Folks, you and I only get one shot. That client is going to retreat from your story, having now discovered Medium if they hadn’t already, and start shopping for quality work, which resides elsewhere on Medium. Plenty of it, in fact. You romanced the client; the client dumped you for real writing talent. That’s harsh, man.
Just as harsh as when I had a photo of myself (aging but still cute) with an (aging but a LOT cuter) ex- Broncos cheerleader on line. I shared it with a guy on Match.com. He asked for the cheerleader’s phone number. Of course he did. I set myself up for that. I still guffaw about that. Look, she was a jerk, but I can’t compete with a washboard stomach and the perk of a professional NFL cheerleader any more than most of us can compete for work at quality magazines with what most of us post on Medium.
Helen goes on to point out:
But publishing how-to stories by those who, themselves, have yet to learn how-to, is a disservice to those who sincerely want to become better writers.
Having made this mistake many times over in my twenties, because I so desperately wanted to appear as an expert when internally I knew damned well I wasn’t, I have empathy for the condition. Happily for my sake at the time, I wasn’t claiming writing expertise so I didn’t shoot myself in the combat-booted foot. I chose other areas to advertise my rookie status, which caused me umpteen public face-plants, which is one of the prices of hubris.
Back in the 1970s, face plants were nowhere near so public as they are now, with the Internet blasting us all over Creation. Mistakes writ large, as it were.
Which, to my mind, argues more discretion rather than less, but that is most certainly not the case. LinkedIn is just one example of just the opposite.
In the same way that a series of not-very-thoughtfully curated photos of youthful drunken debauchery posted on Facebook can come back and bite you and me in the butt during a job interview, poor writing on Medium can do the same. To Helen’s point, above. People know how to Google you.
So let’s take a sidestep and look at an organization that would look terrific on a resume: The American Society of Journalists and Authors.
Here’s what it takes to be considered a professional member of ASJA:
- Six articles written on a freelance basis published in national publications. Regional publications do not count for professional membership. If you submit shorter articles (fewer than 1,000 words or so), submit more articles. It’s best if they are from variety of markets, rather than all from the same place.
- One nonfiction book with a second under contract to qualify. Book chapters don’t count here: they are considered roughly equivalent to long articles. Ghostwriting and collaborations do qualify, if evidence (such as a contract) is submitted to support your role as writer of the work.
You can see from this that most Medium writers who write solely for Medium do not qualify. The bar is excruciatingly high, and not a lot of folks are going to make it, hubris or no hubris.
To make my point further, here are their requirements for the lower-level Associate Membership:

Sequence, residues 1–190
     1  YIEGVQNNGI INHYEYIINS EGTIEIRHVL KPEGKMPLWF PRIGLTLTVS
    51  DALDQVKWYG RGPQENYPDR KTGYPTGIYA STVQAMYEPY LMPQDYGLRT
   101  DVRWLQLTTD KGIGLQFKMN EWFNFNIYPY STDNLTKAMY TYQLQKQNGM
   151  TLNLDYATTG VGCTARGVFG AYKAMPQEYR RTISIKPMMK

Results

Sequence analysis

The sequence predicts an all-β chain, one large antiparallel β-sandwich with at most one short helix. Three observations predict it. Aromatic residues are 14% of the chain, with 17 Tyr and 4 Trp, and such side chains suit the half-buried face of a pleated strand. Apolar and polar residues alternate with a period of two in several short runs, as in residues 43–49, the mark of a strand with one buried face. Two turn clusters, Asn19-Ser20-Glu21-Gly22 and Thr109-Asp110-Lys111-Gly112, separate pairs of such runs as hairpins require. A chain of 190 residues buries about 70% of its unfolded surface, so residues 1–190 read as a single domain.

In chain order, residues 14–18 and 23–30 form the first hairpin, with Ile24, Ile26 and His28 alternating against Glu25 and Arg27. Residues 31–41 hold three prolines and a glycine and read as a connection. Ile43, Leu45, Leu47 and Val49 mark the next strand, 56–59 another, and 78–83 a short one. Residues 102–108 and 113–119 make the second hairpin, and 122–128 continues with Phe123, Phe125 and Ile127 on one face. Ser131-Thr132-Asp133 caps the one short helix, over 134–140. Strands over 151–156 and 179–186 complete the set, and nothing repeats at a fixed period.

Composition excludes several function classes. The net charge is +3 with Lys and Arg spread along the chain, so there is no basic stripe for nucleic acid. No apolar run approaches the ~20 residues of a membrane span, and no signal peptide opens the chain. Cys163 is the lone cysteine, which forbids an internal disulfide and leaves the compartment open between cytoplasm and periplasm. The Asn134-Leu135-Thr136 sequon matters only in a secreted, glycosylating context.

- Five published articles from regional or national publications. Articles can be from either national or regional publications. Unpaid articles and clips written while on staff also count towards associate membership. Articles or posts on a personal blog cannot be used for membership.
- One book published by a major publishing house. Self-published books will not be considered unless the applicant can demonstrate individual quality of the book via sales or reviews.
Again, those who write solely for Medium do not qualify. You see what I mean. In precisely the same way that the National Speakers Association only offers membership to those who are making a living either in part or in full by speaking professionally, the ASJA requires proven professional credentials.
This separates the men from the boys, the girls from the women as writers.
If you want to be good, you have to work with people who are better than you, first, and whose skills you don’t possess, such as trained editors and copywriters. To find one try starting here. Only a true fool, especially at the beginning, edits his own work. It is actually very easy to hire help. However if you are hung up on the belief that if Medium regularly curates your articles, and that this means that your shit don’t stink, then there’s no helping you. I’ve regularly found glaring errors in curated articles- including my own, let’s be fair here- so curation in and of itself is not the Good Housekeeping Stamp of Approval. For Medium, it is, but the bar has been lowered and continues to drop as many of us have been watching. Which is why I am seeing a flow of excellent folks to greener pastures, where they, as do I, hope to be held to a higher standard.
If you’re not producing world-class writing, please stop offering advice, listicles and how-tos when the Podunk Free Press wouldn’t print your review of the local MickyD’s.
I Googled “how to make money writing on Medium” and in 0.86 seconds, got 766,000,000 results. This is the tsunami wave that you and I are up against. The emphasis on making money vs. learning how to write well so that you can earn a living because you’re good at it is overwhelming. For good reason. We all need hard cash. But to get cash, and more of it, and better assignments, we all need better skills. That most certainly includes this writer which is why I have two superb writing coaches.
That said, we’re all going to do what works for us. Mediocrity and crap writing does get picked up, curated and distributed across topics. You can and do make money. Hey, if that’s all you want, have at it.
But kindly please don’t punch out endless articles about how to write, when your grammar is execrable, your spelling is embarrassing, and you Clearly. Cannot. Write.
Again with generous thanks and thunderous applause to those thoughtful writers who have offered comments, critiques, thoughts and feedback because they care about their craft, want Medium to keep the standards high, and continue to offer a stage where we can strut our stuff and expand our reach to other worlds of writing.